That's the idea that is discussed by neuro expert Jonah Lehrer in a recent posting in his blog.
Lehrer, who will speak on "the science of decisions" February 19 at a Commonwealth Club Inforum program, writes:
Over at the Economist, a number of economists have been speculating on the possibility of an economic "placebo" that would boost consumer confidence without actually triggering a massive spike in government spending. In other words, it would be a Keynsian bump without the cash, akin to giving someone a sugar pill and telling them it's Prozac.
...what does this mean for a potential economic placebo? The key lesson is that placebos work by manipulating our expectations: because we expect the pill to make us happier, we end up feeling happier. This suggests than any economic placebo would need to entail more than just a piddling rebate check, or some other short-term (and hopefully cheap) stimulus. The problem with these measures it that they don't alter our expectations - they just make the present a little bit less unpleasant. Instead, a genuine economic placebo would need to focus on modulating our long-term expectations, so that we become convinced that next month, or next quarter, or certainly next year, things will start getting better. The question, of course, is how the government could do this.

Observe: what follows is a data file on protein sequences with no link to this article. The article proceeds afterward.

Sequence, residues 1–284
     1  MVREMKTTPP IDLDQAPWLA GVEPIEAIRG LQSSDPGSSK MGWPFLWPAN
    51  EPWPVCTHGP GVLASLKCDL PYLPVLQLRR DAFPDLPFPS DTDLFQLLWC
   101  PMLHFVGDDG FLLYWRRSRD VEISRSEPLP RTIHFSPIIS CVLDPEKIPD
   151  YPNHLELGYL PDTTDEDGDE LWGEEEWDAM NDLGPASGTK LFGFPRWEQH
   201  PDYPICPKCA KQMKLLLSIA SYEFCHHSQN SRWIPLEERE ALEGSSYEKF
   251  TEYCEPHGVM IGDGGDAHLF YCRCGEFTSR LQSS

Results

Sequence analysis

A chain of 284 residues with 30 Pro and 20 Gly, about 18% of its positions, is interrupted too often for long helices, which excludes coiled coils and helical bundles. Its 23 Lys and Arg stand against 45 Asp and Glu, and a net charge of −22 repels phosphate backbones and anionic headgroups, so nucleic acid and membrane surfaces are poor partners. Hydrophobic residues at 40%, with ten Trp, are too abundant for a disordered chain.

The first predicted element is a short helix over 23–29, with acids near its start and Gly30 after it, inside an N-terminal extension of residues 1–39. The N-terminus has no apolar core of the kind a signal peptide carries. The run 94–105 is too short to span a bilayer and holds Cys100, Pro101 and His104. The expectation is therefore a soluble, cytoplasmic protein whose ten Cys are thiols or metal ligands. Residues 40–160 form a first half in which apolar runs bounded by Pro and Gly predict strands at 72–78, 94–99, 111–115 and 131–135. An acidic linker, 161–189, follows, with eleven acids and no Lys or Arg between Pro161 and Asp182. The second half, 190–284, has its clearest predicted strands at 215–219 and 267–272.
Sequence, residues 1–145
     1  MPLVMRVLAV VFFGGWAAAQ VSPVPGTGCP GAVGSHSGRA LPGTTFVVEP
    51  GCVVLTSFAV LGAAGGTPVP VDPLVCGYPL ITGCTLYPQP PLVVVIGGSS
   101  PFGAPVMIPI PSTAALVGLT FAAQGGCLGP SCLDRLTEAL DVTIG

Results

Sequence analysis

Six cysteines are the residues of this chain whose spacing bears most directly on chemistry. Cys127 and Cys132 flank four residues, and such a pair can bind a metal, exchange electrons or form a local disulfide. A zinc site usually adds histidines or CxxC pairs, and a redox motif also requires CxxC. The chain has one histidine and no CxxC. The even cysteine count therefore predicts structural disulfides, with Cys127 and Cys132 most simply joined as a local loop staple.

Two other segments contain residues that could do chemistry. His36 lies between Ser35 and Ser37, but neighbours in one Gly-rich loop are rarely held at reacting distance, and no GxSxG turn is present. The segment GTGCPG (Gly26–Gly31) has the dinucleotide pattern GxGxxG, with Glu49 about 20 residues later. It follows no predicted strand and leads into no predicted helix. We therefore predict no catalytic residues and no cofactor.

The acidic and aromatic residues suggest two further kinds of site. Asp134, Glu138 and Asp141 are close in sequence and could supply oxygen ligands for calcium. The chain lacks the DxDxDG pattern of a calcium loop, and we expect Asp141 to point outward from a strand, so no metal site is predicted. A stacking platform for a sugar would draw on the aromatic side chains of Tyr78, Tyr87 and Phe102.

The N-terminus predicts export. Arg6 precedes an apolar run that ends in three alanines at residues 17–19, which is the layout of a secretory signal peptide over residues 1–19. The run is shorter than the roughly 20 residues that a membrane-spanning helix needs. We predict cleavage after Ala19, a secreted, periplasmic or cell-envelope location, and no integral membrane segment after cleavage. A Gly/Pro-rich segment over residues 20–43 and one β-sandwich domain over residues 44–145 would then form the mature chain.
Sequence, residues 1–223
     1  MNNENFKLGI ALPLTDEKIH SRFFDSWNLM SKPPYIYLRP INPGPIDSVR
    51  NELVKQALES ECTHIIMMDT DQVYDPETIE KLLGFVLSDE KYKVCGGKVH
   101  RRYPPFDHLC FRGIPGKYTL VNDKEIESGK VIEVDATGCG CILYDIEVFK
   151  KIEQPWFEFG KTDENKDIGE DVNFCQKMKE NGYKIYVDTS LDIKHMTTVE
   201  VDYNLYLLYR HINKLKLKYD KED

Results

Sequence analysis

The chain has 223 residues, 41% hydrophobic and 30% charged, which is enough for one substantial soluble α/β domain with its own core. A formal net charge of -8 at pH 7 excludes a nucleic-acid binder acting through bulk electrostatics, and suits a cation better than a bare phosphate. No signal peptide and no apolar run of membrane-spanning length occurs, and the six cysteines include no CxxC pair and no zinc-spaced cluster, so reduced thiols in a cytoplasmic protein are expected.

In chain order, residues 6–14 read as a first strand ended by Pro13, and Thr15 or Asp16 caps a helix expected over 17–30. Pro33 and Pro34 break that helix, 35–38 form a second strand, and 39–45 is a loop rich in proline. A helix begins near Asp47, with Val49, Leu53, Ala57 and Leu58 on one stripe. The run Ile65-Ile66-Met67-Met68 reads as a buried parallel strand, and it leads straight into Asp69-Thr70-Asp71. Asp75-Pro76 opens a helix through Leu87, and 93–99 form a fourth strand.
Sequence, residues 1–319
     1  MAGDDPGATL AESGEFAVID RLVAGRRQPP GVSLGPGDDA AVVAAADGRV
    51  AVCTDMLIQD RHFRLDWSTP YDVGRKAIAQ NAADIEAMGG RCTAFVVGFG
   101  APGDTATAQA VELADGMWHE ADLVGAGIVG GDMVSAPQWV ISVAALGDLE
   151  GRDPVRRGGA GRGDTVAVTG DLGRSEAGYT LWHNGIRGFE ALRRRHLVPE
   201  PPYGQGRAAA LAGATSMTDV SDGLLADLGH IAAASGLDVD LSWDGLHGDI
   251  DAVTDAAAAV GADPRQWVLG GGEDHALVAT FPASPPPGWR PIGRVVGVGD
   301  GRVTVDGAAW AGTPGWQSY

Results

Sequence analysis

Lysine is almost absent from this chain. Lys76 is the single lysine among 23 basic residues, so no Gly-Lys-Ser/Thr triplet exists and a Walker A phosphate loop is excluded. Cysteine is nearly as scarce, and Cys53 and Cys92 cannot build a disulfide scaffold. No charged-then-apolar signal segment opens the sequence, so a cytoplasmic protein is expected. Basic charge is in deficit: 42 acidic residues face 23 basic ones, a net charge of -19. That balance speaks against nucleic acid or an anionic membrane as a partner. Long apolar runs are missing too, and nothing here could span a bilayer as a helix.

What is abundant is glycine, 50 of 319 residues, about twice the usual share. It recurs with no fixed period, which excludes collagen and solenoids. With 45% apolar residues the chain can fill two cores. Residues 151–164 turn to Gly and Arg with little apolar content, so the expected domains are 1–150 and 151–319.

So even a placebo is going to cost a lot of money? I guess there's no cheap way out of this.
See Lehrer for yourself at The Commonwealth Club. And read his blog for some intelligent and often humorous applications of the "science of decisions" to our lives.